Autistic Teenager Uses Flight to Conquer His Fears
Henry Co, Va-- A teenage boy on the Southside got an opportunity of a lifetime last week. He flew 3,000 feet in the air.
For 13-year-old Jacob Fretwell, it was extra special because he had to conquer a big fear to do it.
This was a milestone for Jacob because he has autism. Autistic kids are usually very frightened by heights and loud noises, but Jacob didn't let anything hold him back from soaring to great heights.
Jacob has been part of the Civil Air Patrol Cadet Program for about a month now.
"Jacob has always been interested in military stuff," said Ed Gallop, Jacob's step-father. "I've talked to him a lot over the years about flying."
The program teaches young people about aerospace, and for the first time ever, Jacob was able to learn lessons way up in the sky. It's something that Jacob always dreamed of, but never thought it could be possible. He says the experience was incredible.
"It feels like going in a car, but going in a truck, said Jacob." "I didn't realize I was over 2000 feet, then I realized everything looks small."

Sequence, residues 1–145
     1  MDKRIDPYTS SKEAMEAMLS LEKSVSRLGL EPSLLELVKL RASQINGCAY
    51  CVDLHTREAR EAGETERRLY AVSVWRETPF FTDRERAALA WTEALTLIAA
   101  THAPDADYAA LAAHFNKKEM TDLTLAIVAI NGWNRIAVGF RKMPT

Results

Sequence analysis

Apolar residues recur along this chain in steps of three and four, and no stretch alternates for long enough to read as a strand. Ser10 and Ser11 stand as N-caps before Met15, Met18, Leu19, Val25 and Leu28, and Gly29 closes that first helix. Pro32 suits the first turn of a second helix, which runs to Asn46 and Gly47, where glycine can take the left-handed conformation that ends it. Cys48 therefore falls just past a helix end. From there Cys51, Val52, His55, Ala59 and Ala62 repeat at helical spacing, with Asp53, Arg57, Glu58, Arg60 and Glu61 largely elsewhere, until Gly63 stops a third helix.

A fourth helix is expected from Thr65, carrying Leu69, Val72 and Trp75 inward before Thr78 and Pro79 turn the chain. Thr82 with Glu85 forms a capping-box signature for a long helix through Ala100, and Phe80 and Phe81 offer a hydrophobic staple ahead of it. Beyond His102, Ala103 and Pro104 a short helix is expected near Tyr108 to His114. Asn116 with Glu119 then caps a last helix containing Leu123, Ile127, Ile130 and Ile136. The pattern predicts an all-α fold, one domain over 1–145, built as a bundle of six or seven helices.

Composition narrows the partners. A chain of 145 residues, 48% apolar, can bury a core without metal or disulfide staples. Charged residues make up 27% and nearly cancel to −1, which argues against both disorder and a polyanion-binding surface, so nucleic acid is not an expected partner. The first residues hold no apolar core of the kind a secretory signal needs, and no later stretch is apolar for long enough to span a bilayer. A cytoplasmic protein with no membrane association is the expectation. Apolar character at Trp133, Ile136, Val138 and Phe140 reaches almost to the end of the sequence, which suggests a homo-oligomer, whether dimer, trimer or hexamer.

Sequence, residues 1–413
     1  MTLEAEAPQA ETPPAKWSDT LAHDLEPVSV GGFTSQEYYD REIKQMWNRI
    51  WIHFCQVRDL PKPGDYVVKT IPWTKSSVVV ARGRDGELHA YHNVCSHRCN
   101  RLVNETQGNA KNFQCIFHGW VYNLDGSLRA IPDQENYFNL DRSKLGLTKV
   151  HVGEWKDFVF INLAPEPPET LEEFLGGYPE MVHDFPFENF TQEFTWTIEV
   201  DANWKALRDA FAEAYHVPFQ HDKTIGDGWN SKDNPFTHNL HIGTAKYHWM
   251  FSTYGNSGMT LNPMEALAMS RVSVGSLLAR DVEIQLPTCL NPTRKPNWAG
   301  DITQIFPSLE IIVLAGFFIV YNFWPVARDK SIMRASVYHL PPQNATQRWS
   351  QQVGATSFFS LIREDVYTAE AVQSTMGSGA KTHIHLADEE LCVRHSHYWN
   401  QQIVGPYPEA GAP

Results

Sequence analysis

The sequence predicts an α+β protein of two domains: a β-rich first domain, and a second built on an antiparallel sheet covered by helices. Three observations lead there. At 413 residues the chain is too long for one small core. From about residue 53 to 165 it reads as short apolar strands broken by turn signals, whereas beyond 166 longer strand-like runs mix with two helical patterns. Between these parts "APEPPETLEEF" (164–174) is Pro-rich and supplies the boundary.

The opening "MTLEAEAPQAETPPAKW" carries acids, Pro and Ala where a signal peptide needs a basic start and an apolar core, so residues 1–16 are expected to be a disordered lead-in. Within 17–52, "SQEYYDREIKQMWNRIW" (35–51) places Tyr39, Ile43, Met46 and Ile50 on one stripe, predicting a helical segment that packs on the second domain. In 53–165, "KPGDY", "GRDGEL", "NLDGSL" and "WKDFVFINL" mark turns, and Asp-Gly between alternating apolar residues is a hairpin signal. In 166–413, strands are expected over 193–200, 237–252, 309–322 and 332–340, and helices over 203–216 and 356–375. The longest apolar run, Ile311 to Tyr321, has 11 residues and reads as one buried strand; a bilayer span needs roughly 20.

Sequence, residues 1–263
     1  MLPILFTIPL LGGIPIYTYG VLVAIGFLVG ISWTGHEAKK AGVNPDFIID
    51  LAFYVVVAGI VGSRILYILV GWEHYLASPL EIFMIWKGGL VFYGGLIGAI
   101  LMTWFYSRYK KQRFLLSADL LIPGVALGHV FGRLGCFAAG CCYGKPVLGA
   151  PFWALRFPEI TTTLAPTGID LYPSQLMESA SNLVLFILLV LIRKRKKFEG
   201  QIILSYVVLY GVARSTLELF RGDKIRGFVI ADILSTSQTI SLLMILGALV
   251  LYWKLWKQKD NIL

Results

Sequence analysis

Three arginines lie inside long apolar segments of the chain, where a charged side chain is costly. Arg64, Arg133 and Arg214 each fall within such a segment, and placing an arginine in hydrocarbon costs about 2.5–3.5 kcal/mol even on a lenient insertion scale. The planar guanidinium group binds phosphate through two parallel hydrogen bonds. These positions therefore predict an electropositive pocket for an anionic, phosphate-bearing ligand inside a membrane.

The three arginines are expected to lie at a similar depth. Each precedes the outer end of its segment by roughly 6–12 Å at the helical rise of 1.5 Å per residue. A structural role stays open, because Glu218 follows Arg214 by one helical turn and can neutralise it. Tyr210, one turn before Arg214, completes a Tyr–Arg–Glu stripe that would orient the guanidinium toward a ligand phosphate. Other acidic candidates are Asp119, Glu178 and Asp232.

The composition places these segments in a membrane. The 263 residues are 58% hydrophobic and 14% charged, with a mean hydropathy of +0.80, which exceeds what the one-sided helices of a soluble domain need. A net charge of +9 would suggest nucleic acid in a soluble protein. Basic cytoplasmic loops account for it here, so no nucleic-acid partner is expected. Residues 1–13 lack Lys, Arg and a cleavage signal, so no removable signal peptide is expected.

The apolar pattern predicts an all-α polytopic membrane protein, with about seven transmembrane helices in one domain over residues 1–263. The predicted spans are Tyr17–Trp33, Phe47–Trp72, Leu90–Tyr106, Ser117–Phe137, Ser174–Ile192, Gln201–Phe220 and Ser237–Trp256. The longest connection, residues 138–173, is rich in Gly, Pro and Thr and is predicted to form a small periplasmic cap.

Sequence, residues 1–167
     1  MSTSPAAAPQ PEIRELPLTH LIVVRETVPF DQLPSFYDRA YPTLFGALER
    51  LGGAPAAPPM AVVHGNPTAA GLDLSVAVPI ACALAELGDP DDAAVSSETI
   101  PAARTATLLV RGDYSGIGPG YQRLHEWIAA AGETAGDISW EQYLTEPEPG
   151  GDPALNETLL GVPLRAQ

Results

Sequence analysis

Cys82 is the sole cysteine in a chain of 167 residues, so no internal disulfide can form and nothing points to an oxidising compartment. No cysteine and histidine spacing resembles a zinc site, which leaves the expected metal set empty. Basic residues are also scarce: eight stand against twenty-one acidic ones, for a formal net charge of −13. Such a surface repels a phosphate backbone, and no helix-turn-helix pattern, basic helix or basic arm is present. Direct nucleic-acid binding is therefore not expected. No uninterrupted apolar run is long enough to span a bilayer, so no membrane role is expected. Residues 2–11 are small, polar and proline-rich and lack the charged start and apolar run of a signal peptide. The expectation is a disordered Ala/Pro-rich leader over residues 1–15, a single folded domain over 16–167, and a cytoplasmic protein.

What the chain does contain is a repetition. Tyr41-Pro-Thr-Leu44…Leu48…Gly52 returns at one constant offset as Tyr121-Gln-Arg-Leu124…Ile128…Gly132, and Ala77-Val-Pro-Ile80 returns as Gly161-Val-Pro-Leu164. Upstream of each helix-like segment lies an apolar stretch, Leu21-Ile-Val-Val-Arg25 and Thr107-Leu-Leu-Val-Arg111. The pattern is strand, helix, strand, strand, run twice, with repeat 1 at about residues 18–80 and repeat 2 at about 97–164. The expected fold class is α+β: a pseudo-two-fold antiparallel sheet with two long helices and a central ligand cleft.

Gallop said this was a huge deal for Jacob.
"I think it was a milestone, " said Gallop. "He does have autism. A lot of autistic kids have fears of confined spaces, loud noises especially, but Jacob doesn't let his fears control him."
"I knew I was in a plane with a professional, and everything looked okay," said Jacob. "They need to think about, is it dangerous or not, they could look down, but they're not falling."
"He inspires me," said Gallop. "If he has a fear he examines what it is he's afraid of to determine if something that he really needs to be scared of."
Jacob said he definitely wants to get up in the air and fly again. He also said he wants to design gliders when he gets older.